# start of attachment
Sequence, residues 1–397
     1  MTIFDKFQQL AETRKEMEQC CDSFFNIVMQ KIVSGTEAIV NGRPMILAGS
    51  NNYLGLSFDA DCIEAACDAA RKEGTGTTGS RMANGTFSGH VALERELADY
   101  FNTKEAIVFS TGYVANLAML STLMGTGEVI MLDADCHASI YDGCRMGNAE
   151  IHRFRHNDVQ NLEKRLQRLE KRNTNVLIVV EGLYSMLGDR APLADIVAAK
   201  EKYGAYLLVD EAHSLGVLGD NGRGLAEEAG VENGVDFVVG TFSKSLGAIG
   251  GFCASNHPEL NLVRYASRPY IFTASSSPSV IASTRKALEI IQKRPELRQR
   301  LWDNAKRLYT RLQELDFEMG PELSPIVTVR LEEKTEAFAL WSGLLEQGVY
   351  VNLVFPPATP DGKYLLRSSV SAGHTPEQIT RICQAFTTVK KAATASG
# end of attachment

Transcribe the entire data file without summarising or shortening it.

Sequence, residues 1–397
     1  MTIFDKFQQL AETRKEMEQC CDSFFNIVMQ KIVSGTEAIV NGRPMILAGS
    51  NNYLGLSFDA DCIEAACDAA RKEGTGTTGS RMANGTFSGH VALERELADY
   101  FNTKEAIVFS TGYVANLAML STLMGTGEVI MLDADCHASI YDGCRMGNAE
   151  IHRFRHNDVQ NLEKRLQRLE KRNTNVLIVV EGLYSMLGDR APLADIVAAK
   201  EKYGAYLLVD EAHSLGVLGD NGRGLAEEAG VENGVDFVVG TFSKSLGAIG
   251  GFCASNHPEL NLVRYASRPY IFTASSSPSV IASTRKALEI IQKRPELRQR
   301  LWDNAKRLYT RLQELDFEMG PELSPIVTVR LEEKTEAFAL WSGLLEQGVY
   351  VNLVFPPATP DGKYLLRSSV SAGHTPEQIT RICQAFTTVK KAATASG